As the laps wound down at Bubba Raceway Park, USAC announcer Chet Christner and the club’s media guru and historian, Richie Murray, knew a big moment was potentially at hand. Jade Avedisian was out front and given the strength of her run it was easy to forget that she was officially in the 9th grade and months shy of her 16th birthday. Before their eyes she was holding off veteran Justin Grant and had demonstrated plenty of poise throughout the night. This could be big.
Several women had already won a USAC race, a threshold that was first breached when Bev Griffiths took the checkered flag at the Indianapolis Speedrome in a nationally televised race in 1986. Also representing the distaff side, Shannon McQueen snared a USAC Western States championship and tasted victory with that series. Nonetheless, the fact remained, a woman had yet to stand on the top step of the podium in a USAC national event.
As Avedisian negotiated traffic with 18 circuits down, there was just a moment of hesitation. At this level that is all it takes. With slight contact Grant used the inside groove to get to the front and later Buddy Kofoid the defending series champion moved into the second spot. Regardless, it was an impressive result and when Grant exited his car and made a beeline to congratulate Avedisian on her performance.
It is a race Avedisian admits she has watched multiple times. No matter how much she would like to alter the outcome she is still forced to settle for the result.
“I have known Justin for a long time and his dad used to take pictures of the quarter midget races I was in. Justin is a great guy,” Avedisian said. “I don’t recall exactly what he said because I had a lot going on at that moment. But after the race he said to call and he would help me with whatever I needed. I thought that was really cool.”
When the adrenaline washed away Avedisian admits feeling a bit more disappointment than elation.
“I knew we were fast enough to stay out front,” she said. “The first 15 laps, I was pretty good in the middle and things opened up into three. Once we got into lapped traffic, I could have been a lot more aggressive and if I would have, we probably would have won. We had the speed, but I messed up and Grant got by me and then Buddy got by me, too. Hopefully, next time that won’t happen.”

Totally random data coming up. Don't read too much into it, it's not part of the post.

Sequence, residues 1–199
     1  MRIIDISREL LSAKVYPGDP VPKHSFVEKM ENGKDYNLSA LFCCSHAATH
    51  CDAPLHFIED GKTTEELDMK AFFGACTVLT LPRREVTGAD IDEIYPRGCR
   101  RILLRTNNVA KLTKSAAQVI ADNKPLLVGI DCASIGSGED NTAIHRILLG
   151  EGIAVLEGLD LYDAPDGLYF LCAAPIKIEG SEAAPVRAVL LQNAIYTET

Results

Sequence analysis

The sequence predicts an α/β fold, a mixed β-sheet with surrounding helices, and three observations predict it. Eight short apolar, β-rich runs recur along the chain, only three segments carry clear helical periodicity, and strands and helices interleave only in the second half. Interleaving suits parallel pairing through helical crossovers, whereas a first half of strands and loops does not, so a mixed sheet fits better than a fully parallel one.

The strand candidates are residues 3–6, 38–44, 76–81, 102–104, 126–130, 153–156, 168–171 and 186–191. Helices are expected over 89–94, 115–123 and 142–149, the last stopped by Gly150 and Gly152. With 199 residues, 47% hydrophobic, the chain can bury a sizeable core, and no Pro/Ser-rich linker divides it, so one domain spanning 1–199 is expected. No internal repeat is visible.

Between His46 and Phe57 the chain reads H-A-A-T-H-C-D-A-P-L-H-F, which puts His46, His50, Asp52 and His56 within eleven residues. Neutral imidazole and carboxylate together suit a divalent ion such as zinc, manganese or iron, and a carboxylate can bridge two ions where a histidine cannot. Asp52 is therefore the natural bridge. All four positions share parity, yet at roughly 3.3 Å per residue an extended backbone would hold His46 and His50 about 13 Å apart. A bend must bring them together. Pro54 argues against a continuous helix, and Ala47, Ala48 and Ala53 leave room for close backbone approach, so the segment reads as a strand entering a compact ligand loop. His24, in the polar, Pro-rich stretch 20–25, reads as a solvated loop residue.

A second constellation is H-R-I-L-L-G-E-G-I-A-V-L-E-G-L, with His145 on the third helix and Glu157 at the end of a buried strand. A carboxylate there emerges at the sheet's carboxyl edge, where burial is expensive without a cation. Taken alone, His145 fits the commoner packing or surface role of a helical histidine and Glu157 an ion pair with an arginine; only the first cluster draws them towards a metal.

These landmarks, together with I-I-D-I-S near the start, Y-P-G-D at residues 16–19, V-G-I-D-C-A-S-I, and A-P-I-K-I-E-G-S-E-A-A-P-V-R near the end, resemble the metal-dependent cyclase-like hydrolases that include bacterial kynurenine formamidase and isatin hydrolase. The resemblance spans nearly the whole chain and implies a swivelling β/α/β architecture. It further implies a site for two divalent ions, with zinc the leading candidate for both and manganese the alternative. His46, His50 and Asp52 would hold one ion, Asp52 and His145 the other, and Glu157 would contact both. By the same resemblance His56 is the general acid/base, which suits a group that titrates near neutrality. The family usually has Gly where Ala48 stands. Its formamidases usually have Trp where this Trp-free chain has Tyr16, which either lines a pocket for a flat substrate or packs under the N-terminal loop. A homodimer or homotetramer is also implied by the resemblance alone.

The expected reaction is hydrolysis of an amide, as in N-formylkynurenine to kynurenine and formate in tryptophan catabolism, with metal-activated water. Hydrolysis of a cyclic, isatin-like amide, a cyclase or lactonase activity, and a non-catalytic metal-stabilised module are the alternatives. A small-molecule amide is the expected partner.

Avedisian was born on Sept. 14, 2006 and calls Clovis, Calif., home. Her father, Ryan, has a swimming pool business but has been interested in the sport for years. In his off time, he would help sprint car racer Monte Faccinto and racing was a big part of Jade’s life as well.
By the time she turned five the family purchased a quarter midget, and soon she was turning laps around cones laid out on an empty parking lot. Ryan Avedisian remembers when things changed.
“We were at that parking lot running around cones,” he says, “and suddenly she stopped and flipped up her visor. So I asked her what was going on and she said she was bored. I said, ‘OK, let’s go ahead and load up and go home.’ She said, ‘No, no, I’m bored just running in circles, I want to race other cars.’”
The next week she was practicing at Madera Speedway and seven days later she experienced her first actual competition.
She picked up the sport in a hurry. Jade was winning in karts at the age of seven and in 2015 she bagged three Quarter Midget of America championships winning the East, West, and Dirt titles. Her ventures in quarter midgets took her to the Eastern Grands in New Jersey, the Midwest Dirt Grands in Terre Haute, Ind., and in the West, she took the round at Baylands in California.
She was undaunted by new settings and a new group of competitors. By the time this period was ending it was clear to her family that she was serious about racing and had the talent to succeed.
Junior Sprints under the USAC banner provided her next challenge. This required competing at a new set of tracks. In the end, it was another step successfully mastered as she nailed down another championship.